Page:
Skilled Trade Careers

While a global health crisis has triggered significant transformations in business and employment across the board, the demand for skilled labor is steadily increasing.

In 2023, skilled trade careers are on the rise, experiencing massive growth in terms of employment opportunities and compensation alike. With the Biden administration’s Infrastructure Bill 2021, the intensity of skilled trade careers in demand will only continue to increase. However, there is much more to the skilled labor employment market than a single piece of legislation.

Read on to discover five key trends that are expected to shape the demand and supply of skilled labor in 2023 and beyond.

1. Persistent Shortage of Labor for Skilled Trade Careers

The new bill does present major opportunities and room for growth, but labor shortages will continue to prove a big obstacle to the market. While this might prove a boon to the benefits of skilled trade careers for craftsmen, this may prove to be a significant concern for employers.

With a growing gap between the demand for skilled labor and the number of potential candidates available in the American workforce, employers need to reposition their hiring and retention practices. At the very least, more competitive approaches are necessary to attract the best quality professionals and retain them for the long term.

2. More Baby Boomers Will Exit the Workforce

The Great Resignation has become a major concern in the post-pandemic employment market. Baby Boomers are among the largest demographic of employees deciding to vacate their roles in favor of better work-life balance. With approximately one-third of the workforce over the age of 50 in skilled trade jobs, the Great Resignation will also significantly impact construction and infrastructure employment.

As more Baby Boomers continue to exit the workforce, the shortage of talent for such roles will only increase. For businesses operating in this sector, this trend implies the problem is no longer simply about filling open roles as they emerge. With the growing supply gap, businesses may also need to consider sustainable ways to retain knowledge, experience, and (ideally) talent without impacting workflows and/or projects.

3. Labor Expectations and Behavior Will Experience Changes

The intense labor shortage will not just influence the way employers behave; employees will also exhibit behavior and expectations in ways very different from the pre-COVID landscape. At the very least, employers can expect that skilled talent now understands they have far more employment opportunities than before. As such, they have far more mobility than previously.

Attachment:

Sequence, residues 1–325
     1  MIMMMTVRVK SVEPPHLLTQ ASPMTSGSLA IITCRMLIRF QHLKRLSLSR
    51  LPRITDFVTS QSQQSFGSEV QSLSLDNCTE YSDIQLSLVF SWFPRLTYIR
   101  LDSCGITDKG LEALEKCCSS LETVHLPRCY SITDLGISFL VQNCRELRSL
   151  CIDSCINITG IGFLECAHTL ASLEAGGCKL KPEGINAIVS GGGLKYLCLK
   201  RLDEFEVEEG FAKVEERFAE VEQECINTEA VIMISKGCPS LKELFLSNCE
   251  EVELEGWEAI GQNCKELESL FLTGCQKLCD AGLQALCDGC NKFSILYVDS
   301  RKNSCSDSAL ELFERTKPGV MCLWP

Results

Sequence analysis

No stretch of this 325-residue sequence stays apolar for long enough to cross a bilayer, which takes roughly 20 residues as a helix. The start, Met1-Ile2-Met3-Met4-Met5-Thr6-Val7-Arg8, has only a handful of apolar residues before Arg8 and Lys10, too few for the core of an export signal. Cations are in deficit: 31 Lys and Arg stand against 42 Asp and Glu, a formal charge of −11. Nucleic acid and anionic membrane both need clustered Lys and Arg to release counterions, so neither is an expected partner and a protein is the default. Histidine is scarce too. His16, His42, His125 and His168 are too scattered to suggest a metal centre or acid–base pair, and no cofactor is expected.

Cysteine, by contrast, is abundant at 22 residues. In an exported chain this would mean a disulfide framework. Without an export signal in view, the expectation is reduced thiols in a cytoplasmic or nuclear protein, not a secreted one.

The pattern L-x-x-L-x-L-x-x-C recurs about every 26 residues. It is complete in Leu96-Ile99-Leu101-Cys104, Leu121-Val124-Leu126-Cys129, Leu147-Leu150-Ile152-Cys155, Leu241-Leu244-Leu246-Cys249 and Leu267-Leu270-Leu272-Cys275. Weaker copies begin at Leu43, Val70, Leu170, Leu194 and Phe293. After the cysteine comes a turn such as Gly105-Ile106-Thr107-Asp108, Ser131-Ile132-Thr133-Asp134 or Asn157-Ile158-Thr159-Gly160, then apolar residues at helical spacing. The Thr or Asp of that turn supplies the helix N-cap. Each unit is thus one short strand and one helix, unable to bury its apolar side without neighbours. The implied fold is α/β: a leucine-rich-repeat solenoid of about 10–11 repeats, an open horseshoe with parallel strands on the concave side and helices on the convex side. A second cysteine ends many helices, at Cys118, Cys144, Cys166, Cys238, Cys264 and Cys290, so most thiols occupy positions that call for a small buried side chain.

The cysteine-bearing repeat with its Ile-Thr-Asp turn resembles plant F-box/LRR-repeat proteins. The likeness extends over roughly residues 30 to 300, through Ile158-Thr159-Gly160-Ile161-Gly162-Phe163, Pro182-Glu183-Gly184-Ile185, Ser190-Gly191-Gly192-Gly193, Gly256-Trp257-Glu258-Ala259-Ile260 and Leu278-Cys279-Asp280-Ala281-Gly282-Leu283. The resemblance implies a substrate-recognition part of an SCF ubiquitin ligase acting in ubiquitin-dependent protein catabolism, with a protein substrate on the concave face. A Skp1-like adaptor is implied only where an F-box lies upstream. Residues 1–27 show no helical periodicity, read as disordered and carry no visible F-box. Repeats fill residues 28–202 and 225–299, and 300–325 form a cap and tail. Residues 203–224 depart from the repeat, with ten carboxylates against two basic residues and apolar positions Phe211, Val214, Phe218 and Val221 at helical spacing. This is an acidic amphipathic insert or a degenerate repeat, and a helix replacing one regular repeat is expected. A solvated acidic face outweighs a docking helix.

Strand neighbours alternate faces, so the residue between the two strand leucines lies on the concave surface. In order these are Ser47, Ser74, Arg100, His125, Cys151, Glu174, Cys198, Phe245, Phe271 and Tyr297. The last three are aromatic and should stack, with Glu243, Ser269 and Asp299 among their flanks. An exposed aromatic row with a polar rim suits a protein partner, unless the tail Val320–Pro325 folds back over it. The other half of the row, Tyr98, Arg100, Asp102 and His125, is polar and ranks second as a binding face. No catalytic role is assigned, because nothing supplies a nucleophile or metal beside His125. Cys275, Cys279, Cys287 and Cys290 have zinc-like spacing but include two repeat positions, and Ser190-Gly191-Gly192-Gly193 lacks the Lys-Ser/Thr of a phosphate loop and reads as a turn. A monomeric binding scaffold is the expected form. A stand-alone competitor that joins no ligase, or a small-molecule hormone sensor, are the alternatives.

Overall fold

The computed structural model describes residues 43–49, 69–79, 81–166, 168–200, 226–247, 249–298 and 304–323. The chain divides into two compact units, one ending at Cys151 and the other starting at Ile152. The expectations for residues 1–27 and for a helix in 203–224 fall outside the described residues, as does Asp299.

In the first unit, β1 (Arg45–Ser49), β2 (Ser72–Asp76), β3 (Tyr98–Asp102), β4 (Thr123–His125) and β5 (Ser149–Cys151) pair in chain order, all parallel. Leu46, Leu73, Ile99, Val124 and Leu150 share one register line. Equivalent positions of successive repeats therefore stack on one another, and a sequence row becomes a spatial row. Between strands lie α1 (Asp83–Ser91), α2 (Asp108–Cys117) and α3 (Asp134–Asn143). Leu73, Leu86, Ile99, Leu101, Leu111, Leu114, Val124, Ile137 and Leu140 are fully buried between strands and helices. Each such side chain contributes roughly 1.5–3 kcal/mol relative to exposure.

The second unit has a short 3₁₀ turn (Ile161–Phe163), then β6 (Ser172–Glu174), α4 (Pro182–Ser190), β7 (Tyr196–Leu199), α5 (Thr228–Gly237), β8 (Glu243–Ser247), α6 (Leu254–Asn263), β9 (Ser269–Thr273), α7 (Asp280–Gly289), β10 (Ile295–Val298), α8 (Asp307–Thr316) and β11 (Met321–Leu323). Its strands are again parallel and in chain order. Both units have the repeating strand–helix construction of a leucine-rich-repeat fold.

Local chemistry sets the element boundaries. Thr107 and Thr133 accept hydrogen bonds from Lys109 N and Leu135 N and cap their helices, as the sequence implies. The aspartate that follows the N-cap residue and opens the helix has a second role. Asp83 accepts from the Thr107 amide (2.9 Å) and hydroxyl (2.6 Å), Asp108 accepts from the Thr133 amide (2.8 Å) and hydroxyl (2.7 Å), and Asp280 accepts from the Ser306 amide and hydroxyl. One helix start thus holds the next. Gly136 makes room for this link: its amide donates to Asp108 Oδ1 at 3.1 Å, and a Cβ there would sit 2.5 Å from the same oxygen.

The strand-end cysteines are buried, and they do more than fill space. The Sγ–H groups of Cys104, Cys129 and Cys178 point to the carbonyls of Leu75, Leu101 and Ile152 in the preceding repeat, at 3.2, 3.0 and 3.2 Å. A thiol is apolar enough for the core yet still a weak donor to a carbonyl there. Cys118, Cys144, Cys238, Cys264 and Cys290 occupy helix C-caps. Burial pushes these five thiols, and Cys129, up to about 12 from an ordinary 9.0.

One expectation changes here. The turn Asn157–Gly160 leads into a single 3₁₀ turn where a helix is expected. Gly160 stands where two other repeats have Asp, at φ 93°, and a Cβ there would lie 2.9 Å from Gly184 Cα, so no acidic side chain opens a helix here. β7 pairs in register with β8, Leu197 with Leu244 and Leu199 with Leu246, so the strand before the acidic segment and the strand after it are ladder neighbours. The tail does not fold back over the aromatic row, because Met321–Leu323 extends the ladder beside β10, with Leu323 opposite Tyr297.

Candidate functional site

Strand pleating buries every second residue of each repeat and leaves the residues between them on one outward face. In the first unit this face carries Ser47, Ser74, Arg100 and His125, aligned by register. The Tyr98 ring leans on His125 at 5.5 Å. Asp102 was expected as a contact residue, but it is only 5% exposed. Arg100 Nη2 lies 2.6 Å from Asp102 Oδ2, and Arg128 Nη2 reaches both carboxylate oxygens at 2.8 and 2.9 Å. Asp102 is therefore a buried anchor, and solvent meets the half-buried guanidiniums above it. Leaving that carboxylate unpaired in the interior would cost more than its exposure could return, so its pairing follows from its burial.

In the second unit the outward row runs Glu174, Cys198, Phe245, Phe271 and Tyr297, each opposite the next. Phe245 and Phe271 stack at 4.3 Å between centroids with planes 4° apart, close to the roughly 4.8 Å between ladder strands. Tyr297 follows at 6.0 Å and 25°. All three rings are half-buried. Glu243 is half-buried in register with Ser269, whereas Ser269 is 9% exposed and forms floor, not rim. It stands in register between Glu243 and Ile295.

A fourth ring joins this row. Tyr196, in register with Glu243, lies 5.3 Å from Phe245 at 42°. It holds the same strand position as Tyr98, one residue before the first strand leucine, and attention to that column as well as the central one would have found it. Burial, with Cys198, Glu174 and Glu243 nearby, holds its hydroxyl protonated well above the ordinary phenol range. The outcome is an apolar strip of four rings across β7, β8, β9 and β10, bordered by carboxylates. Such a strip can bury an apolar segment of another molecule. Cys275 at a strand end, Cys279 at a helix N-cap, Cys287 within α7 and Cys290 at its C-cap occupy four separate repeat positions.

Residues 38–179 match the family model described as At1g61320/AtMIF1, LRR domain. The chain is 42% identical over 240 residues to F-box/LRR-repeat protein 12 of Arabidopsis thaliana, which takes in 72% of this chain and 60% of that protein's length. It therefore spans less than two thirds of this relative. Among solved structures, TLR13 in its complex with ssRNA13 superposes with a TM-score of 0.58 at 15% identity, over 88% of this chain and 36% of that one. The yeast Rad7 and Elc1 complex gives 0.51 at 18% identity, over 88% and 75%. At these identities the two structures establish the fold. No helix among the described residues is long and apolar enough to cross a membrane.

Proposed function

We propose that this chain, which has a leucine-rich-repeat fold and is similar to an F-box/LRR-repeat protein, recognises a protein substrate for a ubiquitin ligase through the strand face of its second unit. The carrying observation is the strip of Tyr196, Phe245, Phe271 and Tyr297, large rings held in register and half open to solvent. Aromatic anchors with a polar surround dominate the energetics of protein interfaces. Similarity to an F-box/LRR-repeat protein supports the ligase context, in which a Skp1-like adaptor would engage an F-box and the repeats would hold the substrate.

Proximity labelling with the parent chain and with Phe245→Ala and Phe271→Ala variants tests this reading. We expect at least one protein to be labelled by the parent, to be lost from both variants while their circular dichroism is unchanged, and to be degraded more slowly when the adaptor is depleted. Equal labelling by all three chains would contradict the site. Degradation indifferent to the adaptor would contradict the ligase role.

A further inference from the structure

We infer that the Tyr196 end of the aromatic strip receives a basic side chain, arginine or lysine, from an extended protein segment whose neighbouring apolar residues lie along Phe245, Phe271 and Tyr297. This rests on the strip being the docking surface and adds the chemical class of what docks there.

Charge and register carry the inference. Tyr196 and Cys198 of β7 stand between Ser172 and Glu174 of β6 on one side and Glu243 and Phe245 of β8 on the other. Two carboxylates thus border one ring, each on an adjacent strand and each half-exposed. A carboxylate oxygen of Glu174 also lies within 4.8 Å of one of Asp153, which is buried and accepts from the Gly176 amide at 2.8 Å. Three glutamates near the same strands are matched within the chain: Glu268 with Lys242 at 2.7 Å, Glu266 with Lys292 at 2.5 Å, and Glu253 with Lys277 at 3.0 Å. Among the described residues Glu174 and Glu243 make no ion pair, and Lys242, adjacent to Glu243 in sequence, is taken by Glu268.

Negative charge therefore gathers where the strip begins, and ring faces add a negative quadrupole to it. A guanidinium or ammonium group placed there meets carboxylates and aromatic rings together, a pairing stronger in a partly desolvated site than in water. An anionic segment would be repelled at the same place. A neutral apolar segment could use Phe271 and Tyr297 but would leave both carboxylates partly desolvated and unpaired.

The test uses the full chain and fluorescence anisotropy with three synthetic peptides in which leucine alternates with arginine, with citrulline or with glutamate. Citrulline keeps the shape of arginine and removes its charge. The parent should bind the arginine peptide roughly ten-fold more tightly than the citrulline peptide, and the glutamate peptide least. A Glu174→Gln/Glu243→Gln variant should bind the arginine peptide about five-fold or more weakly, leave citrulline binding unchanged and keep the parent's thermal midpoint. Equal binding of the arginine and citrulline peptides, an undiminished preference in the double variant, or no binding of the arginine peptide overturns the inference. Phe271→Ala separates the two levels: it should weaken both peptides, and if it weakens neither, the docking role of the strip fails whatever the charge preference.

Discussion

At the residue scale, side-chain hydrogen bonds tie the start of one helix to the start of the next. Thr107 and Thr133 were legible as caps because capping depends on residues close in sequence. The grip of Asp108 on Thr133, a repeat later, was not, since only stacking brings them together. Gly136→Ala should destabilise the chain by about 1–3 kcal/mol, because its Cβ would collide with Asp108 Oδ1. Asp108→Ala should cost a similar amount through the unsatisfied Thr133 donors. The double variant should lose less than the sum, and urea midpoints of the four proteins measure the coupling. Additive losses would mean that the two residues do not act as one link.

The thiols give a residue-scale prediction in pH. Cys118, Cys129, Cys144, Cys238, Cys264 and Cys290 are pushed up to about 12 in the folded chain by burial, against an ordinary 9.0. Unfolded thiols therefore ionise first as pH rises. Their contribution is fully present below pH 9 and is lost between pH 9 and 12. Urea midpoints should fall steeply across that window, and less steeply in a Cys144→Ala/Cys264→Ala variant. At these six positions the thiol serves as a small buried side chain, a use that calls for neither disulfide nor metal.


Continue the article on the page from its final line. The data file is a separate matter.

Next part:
In instances where employers are unable to meet their expectations, such as those concerning compensation and benefits, companies risk losing them to other employers. Likewise, more than ever before, placing employees in dangerous conditions without the appropriate safety or preventive equipment could also trigger higher turnover.

Employees now value compensation and safety far above the conventional attributes of a good employer. Certainly, the pandemic has had a big role in this change. After all, what other event has had such an enormous impact on US workplace safety in the last sixty years?

4. Global Price Surges Will Raise the Cost of Construction Material

With the global inflation rate rising sharply, the cost of raw materials, construction equipment, and safety gear will continue to rise as well. Because all three are absolutely crucial to the viability of the construction industry, businesses have no other option but to purchase these at higher prices. However, this substantial increase will inevitably begin eating into profit margins, and with labor demanding higher compensation and more equitable benefits, payroll expenses will undoubtedly increase too.

Unforeseen expenses, most often those associated with recruitment, bad hires, and employee turnover, are even less desirable than before. Businesses must navigate the acquisition and retention of high-quality talent with care and sustainable practices. This may mean experimenting with different models, such as centralized vs decentralized recruitment, but even more importantly, all business processes, from operations to recruitment need to become far more efficient.

5. Reskilling and Upskilling Will Become Essential

Relative to the four primary reasons for a loss in job satisfaction, an employee’s sense of being replaceable is usually at the very top. With automation on the rise everywhere from mortgage headhunter employment agencies to healthcare, the construction industry is not immune to this trend. Therefore, feeling obsolete is a very common perception among the sizeable skilled labor workforce.

Ultimately, the loss in satisfaction, including that precipitated by an increased reliance on automation, will ultimately increase employee attrition. However, the best way for employers to combat this is to offer more reskilling and upskilling opportunities. This will likely prove effective at both retaining workers as well as helping them enrich their roles and output capacity.

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